Health of the Market
The charts will be updated by
Saturday. When no change to text, [NC] will be used.
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indicators for the longer term equity
market show an up market within a bull cycle (check
tab for definition of cycle). The S&P 500 closed
-3.25% below the record close in January; +3.10% year-to-date. 69.5% of
S&P 500 stocks were above their
moving averages, up from 69.0% the week before. 67.5% of
these stocks are above their 50-day EMAs, down from 72.0% the week
A Health Buy Alert
occurred on Friday 4/13. This is based on small-cap action. A VIX Buy Alert,
based on large-cap action, occurred on Friday 4/13 also. The insiders were bullish
(data from last Wednesday).
[NC] See the Income
tab for a discussion of the business cycle and the impact of credit
(interest rates). The
equity market tends to move on margin debt. See chart here.
[NC] A measure to determine if the
price is too high relative to the underlying earnings is the
Shiller price to earning ratio. This is the current price divided by
the 10-year average of "real" (inflation-adjusted) earnings. This
ratio corresponds quite well to the peaks of price as shown by charts on this site.
The market in the typical June
is good in the current year of the presidential cycle. The charts for the second
year of the presidential cycle compared to all years show
the second presidential year has had big drops in June. The Power
the favorable time of the year, typically ends toward the end of
May. This year it has not ended yet. The end will occur when the Health
Sell Alert occurs. Access more data on the best six months here. The Bull
Cycle continues as the S&P 500 did not drop
200-day SMA. The long-term BullHeal
System went to a buy on
9/27/2017. It will go to a sell when a Health Sell Alert occurs.
Since December of 2016, the dollar ($USD) has decreased in
value with respect to a basket of other currencies as long-term
interest rates have gone down. Now the rates are going up, and the
10-year Treasury bond hit a peak of 3.12%. This is a level
not seen since July 2011. Recently the dollar has grown
stronger, which generally happens when interest rates rise.
The 10-year Treasury yield ($TNX
/10) and the inflation index is shown in this 5-year
chart with weekly closing prices.
the most important reason we will see higher yields is simple supply
and demand. The US will need to borrow $400B more in 2018 then it
did in 2017 through the sale of more Treasuries. At the same
time, the Fed will curtail its reinvestment in Treasuries and Mortgage
Bonds by an increasing and significant amount this year. They
will buy $252B less this year in Treasuries, at the same time that
$400B more supply will be issued. That's about $650B that will
need to be absorbed by the open market. ---
Barry Habib 2/27/2018
[NC] The driving force between currencies is the relationship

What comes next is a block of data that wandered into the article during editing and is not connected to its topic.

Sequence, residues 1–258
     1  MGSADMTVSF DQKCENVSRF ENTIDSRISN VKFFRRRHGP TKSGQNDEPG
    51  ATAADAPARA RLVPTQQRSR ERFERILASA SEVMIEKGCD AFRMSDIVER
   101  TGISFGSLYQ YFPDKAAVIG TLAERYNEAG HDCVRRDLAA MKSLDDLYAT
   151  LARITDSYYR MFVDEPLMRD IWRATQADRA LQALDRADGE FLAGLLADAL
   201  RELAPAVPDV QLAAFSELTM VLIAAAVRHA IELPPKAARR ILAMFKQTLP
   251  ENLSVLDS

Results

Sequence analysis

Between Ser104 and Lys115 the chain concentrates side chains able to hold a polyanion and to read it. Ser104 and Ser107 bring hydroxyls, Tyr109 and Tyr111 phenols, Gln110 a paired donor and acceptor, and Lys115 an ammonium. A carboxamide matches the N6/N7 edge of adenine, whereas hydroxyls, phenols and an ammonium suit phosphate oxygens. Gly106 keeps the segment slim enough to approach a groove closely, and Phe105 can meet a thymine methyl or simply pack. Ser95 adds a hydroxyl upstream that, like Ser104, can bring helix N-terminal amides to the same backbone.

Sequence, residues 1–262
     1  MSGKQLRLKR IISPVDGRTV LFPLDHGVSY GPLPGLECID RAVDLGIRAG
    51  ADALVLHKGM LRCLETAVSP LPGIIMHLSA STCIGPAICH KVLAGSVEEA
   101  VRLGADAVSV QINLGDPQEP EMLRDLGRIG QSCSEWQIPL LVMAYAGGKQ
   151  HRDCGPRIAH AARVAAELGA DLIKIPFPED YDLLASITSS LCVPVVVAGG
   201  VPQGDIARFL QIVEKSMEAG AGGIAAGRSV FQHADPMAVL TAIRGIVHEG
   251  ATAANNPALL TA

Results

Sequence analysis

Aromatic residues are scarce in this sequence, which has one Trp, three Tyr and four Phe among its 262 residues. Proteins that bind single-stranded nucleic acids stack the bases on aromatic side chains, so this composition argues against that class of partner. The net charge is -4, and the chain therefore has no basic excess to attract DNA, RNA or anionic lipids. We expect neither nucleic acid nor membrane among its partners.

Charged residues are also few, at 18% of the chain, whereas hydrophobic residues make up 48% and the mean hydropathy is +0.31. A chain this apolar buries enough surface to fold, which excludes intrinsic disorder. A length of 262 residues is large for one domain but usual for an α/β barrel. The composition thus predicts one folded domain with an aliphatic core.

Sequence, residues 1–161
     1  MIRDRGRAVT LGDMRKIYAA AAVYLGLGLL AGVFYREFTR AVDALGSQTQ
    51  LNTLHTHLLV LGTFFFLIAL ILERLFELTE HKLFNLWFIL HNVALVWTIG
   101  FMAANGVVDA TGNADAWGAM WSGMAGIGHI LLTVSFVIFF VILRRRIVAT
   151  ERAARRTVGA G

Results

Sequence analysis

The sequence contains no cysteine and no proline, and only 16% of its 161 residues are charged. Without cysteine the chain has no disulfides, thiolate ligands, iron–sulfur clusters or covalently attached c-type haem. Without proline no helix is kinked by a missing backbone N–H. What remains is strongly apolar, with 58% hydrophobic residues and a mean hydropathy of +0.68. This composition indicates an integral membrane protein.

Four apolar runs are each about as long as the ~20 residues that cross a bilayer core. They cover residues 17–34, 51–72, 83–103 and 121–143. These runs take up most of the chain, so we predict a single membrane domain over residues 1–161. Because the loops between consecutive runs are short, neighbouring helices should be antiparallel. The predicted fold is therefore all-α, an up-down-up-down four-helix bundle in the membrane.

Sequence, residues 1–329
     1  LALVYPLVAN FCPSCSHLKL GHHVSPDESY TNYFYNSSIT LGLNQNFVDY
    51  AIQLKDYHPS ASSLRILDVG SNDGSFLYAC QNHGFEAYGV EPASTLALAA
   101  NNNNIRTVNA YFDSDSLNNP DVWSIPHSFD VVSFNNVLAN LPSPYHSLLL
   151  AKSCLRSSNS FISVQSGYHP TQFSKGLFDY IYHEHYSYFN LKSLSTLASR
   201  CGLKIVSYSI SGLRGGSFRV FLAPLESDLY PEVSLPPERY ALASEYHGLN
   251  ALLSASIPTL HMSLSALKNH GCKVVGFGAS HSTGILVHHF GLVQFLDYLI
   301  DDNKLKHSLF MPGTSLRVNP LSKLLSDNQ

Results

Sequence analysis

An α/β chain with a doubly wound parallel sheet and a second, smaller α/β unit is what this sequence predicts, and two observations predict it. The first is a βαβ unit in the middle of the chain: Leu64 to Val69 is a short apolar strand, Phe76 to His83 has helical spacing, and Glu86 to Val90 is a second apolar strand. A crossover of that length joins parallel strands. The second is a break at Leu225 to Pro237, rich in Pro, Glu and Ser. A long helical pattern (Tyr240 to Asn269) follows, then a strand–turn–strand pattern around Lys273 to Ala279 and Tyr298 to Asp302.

between global interest rates. The 10-Year Treasury yield remains
higher than other developed-country yields. One of the
side-effects of a weak dollar is that it tends to drive global funds
into foreign markets which has been the case recently. The falling
dollar, however, has had positive influences on the U.S. market as
well, especially large cap multinationals that derive nearly half of
their revenues from foreign markets.
[NC] The international bond market is provided
by the WSJ. See the Income tab for a chart of U.S.
[NC] The stock markets in
other countries are quite well correlated to the U.S.
market. To participate in these markets, the U.S. dollar can be
hedged out, however, this has not been productive as the dollar has
been dropping. Click to check out the country hedged ETFs and the un-hedged ETFs.
[NC] Sector investing via exchange traded funds
(ETFs) is popular. The traders rotate between sectors. To see
how some popular sector ETFs are doing, click here for the Candle Glance.
The theory is that if the small-cap stocks do better
than the large-caps, it indicates that the traders are willing to
take on more risk and the market will go up. The chart shows the relative strength of the
Russell 2000 IWM with respect to the S&P 500 SPY. The
20/40-day EMA crossovers are marked by a pole. The U.S. Dollar
is also shown. Note that when the dollar goes up, small cap stocks do
better than large cap stocks -- and the relative strength chart goes up
to indicate this.
S&P 500 large-cap index broke out of a symmetrical compression
triangle. Typically the breakout is in the direction of
the previous move, which it did. The shaded area is the Bollinger
Band. A rise to the top of the band indicates a
very overbought market -- and it typically corrects down from here.
Volume on Friday was 62% above its 50-day MA, and a hammer candle
indicates a possible turn-around to a continuation of the up move. A
potential trade war was worrying the market on Friday. Retail sales
were up 0.83% (0.62% after inflation) and that was a good sign.
Russell 2000 small-cap index broke out of
the symmetrical triangle and has shot through the resistance of the
highs. It has been much stronger than